Jamil, with a smile said, I leave with one advice that as young engineers, one should aspire to become Technical Managers rather than just remaining Technicians.

Finally; I was served with, hot spicy Samosas, followed by long awaited lovely tea. I thanked Engr Jamil, to have spared time, and parted with important information, I asked him.

Inauguration of Saudi Arabia’s First All-Female Business Process Services Center

15 September 2014 | 0 comments | Saudi Aramco News | by

Saudi Aramco News

Saudi Aramco, GE (NYSE: GE), and Tata Consultancy Services (TCS) today inaugurated the Kingdom of Saudi Arabia’s first all-female business process service center. The Riyadh-based center, which is supported by the Human Resources Development Fund Programs, complements Saudi Arabia’s localization targets, and strengthens local job creation and economic diversification.

Announced in September 2013, the all-female employee business process service center will offer customers specialized Finance & Accounting, HR, Materials Supply and Office services to improve their operational efficiency. The 3,200 square meter facility will create up to 3,000 local jobs for Saudi women within the next three years.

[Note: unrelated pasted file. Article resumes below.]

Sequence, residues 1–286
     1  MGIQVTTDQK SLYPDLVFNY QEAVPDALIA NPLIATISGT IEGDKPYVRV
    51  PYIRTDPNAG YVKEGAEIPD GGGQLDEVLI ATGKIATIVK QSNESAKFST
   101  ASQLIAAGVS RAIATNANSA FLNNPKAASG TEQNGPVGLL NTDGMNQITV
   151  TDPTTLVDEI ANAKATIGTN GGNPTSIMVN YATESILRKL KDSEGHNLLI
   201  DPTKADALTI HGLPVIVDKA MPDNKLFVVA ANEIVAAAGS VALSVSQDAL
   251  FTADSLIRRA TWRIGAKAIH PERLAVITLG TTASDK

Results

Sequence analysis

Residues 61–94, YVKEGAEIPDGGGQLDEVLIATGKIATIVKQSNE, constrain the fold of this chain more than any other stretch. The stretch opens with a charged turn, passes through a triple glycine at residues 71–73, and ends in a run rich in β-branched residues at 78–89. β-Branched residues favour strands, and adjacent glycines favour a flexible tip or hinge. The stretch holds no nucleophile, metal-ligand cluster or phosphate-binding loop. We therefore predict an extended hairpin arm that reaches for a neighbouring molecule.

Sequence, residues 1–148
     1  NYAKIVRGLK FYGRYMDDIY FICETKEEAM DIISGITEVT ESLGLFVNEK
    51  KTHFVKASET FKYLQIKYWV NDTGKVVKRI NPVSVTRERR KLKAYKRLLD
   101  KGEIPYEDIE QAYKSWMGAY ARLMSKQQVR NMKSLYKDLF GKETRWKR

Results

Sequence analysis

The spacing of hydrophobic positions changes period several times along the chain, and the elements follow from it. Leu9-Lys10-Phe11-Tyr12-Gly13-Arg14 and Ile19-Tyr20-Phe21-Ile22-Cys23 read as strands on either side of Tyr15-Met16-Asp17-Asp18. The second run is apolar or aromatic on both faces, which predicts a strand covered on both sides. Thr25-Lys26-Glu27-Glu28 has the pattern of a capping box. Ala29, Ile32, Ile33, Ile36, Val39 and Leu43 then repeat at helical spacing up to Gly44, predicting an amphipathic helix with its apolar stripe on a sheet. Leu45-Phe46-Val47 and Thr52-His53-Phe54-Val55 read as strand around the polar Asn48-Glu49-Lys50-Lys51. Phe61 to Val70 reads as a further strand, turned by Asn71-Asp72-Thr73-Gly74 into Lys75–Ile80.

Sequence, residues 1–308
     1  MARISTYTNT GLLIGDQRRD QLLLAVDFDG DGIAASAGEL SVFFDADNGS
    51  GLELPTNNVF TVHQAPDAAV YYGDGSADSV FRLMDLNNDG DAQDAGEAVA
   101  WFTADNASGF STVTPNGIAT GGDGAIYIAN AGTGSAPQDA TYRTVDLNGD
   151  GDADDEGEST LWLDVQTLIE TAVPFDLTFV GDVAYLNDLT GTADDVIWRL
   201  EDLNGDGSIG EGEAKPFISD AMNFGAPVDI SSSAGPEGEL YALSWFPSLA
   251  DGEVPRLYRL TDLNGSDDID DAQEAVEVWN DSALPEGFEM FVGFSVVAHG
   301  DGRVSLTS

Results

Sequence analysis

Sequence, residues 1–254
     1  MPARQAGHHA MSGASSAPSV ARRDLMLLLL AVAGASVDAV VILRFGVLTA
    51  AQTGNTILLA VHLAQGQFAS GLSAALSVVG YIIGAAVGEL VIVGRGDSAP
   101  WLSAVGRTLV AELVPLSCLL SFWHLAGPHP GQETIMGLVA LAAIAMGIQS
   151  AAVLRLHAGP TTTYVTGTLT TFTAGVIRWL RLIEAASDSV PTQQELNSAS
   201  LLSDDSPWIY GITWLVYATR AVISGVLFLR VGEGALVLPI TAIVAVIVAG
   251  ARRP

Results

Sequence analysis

The official opening ceremony was attended by HE Dr. Tawfiq bin Fawzan Al Rabiah, minister of commerce and industry, HRH Prince Saud bin Khalid Al Faisal, deputy governor of Saudi Arabian General Investment Authority (SAGIA), Khalid Al Falih, Saudi Aramco president and CEO, John Rice, GE’s Vice Chairman, Natarajan Chandrasekaran, CEO and MD of TCS and more than 100 dignitaries from Saudi Arabian government entities and business executives.

Saudi Aramco president and CEO Khalid Al Falih, said: “The first all-female business process service center in Saudi Arabia brings significant value to the Saudi economy and society. It helps address the challenge of creating jobs for talented and skilled Saudi female graduates, establishes a more diverse workforce, and boosts the competitiveness of Saudi Arabia.”

John Rice, GE’s Vice Chairman, said: “Today’s inauguration is proof of our commitment to support the Kingdom’s priorities around human capital development and the creation of employment opportunities for talented Saudi women. We are proud to be partnering with the Government entities in the Kingdom, and our two partners Saudi Aramco and Tata Consulting Services on creating this sustainable Saudi based entity that will serve customers across the globe.”